Bhat belonged to a well-to-do family in central Kashmir’s Ganderbal. His father is a high-profile businessman in Srinagar city.
Srinagar/New Delhi: It’s something Dr Mohammad Rafi Bhat’s colleagues and students at the University of Kashmir will wonder about for years.
He came to the campus Thursday, took a class. Two days later, the assistant professor of sociology was dead, one of five militants killed in an encounter in Shopian Sunday.
A day after his death, Bhat’s shocked colleagues were struggling to understand it all, at pains to explain that there was nothing in his behaviour that suggested an extremist bent.
“It is beyond shocking to believe that one of our brightest teachers has been killed like this,” Dr Peerzada Mohammad Amin, the head of the university’s sociology department, told ThePrint.
“I knew him for 12 months and, honestly, he was doing his job very nicely. He was dedicated. The students loved him. His ways of teaching were creative and insightful,” he said.
“I never even saw a streak of extremist behaviour in him. When someone is up to something, the behaviour could change…but in his case, he was the most composed and focused person around,” he added.
Bhat, 29, held his last class Thursday. “He came with a set of question papers. It was for an examination we were conducting. He appeared so…engaged with work that it is shocking to think he left this institution the next day to die,” Amin said.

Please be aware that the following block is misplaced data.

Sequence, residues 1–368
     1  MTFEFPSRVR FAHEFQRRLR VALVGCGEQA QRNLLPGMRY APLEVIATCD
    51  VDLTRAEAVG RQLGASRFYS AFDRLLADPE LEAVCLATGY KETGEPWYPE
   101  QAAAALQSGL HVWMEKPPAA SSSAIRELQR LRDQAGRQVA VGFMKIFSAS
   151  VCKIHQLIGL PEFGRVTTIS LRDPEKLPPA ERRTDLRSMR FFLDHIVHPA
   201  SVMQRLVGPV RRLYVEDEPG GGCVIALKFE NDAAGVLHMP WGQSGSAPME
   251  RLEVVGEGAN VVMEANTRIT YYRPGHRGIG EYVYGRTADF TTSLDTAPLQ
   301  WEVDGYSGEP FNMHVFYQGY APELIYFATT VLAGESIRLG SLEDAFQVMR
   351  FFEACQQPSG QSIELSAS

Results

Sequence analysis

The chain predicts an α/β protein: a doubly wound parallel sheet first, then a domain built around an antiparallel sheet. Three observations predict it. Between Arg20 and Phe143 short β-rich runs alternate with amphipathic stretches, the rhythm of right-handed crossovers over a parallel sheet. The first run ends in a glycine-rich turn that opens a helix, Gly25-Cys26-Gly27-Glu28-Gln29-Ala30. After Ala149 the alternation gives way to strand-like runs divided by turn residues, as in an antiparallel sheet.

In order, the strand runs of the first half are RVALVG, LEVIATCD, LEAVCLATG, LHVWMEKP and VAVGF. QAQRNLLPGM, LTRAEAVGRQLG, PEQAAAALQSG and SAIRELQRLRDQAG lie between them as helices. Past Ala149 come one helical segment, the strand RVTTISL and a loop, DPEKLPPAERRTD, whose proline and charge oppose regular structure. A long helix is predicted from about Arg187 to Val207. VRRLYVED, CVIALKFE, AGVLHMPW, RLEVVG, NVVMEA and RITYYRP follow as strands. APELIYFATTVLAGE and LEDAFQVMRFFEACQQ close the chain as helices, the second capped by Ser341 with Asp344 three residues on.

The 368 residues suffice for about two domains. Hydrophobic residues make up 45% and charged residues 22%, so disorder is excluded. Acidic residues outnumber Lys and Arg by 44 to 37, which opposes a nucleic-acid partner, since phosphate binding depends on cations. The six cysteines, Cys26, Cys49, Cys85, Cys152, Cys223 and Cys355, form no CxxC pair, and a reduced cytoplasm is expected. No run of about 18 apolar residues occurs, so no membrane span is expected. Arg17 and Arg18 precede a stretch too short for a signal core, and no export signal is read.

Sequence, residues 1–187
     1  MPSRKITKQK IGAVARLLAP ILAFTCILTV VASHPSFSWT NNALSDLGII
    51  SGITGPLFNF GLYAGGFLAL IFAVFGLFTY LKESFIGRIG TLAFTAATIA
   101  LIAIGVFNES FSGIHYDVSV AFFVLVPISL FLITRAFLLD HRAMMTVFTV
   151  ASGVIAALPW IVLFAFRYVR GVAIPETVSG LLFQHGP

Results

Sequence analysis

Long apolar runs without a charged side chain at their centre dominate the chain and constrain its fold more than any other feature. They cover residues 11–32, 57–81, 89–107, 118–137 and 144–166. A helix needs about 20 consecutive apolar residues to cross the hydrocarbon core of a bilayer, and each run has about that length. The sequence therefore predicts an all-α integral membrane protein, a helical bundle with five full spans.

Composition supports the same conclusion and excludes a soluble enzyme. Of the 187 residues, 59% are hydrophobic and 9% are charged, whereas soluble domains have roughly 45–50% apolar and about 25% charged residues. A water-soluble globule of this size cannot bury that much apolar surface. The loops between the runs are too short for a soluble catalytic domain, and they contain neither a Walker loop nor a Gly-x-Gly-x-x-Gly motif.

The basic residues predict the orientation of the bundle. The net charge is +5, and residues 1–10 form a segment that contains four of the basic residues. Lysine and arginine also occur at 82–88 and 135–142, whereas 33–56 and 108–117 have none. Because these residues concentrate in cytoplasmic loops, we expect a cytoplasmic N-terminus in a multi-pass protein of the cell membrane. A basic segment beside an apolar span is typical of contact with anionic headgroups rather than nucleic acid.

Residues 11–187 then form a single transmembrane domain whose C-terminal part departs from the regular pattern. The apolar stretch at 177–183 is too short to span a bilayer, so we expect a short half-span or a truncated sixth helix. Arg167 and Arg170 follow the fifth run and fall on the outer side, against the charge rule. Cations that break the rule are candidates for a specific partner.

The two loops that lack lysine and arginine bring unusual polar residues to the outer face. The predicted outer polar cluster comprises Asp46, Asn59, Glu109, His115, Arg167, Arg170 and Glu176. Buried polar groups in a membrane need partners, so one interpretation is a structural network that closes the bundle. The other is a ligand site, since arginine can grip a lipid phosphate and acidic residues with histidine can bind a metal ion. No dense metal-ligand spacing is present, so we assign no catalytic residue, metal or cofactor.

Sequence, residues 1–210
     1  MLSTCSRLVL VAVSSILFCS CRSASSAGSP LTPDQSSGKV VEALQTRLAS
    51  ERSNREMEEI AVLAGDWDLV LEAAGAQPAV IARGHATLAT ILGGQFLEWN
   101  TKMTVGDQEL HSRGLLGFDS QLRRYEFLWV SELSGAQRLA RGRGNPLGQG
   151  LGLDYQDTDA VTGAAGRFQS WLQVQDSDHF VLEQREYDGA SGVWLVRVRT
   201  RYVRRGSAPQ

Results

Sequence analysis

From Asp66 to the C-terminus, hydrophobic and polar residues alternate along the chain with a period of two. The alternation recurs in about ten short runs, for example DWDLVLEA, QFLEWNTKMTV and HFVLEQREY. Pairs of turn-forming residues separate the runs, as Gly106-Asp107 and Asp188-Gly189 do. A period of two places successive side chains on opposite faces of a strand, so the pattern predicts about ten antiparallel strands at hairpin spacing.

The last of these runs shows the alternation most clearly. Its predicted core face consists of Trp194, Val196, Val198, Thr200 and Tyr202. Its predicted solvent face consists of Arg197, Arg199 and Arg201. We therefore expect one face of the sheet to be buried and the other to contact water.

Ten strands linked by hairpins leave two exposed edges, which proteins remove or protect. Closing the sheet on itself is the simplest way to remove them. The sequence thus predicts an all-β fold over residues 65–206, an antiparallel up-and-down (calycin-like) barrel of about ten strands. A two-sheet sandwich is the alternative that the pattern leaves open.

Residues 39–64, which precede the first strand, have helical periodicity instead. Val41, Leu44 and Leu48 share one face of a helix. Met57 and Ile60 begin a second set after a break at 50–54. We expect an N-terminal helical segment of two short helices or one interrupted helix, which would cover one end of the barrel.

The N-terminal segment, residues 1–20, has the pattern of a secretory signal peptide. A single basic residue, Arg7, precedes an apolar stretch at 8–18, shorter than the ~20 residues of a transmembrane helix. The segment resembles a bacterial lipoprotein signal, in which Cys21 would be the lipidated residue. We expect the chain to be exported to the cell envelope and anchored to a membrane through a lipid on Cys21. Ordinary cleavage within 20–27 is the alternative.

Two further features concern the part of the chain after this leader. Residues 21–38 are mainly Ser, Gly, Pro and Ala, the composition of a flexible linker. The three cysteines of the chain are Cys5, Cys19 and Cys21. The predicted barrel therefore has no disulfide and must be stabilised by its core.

Bhat, who had cleared the University Grants Commission Junior Research Fellowship, had done his research on globalisation and emerging trends in consumerism, a comparative study of rural and urban Kashmir. He received his PhD last year, and was employed with the University of Kashmir on a contractual basis. He was reportedly never heard publicly discussed the conflict in Kashmir.
Originally from central Kashmir’s Ganderbal, Bhat came from a well-to-do family. His father is a high-profile businessman in Srinagar city.
He reportedly went missing from the university’s Naseem Bagh campus in Srinagar after Friday prayers, taking up arms for the Hizbul Mujahedeen.
His family contacted the university the next day and an FIR was subsequently filed. A protest was held on the campus by his students demanding that he be found.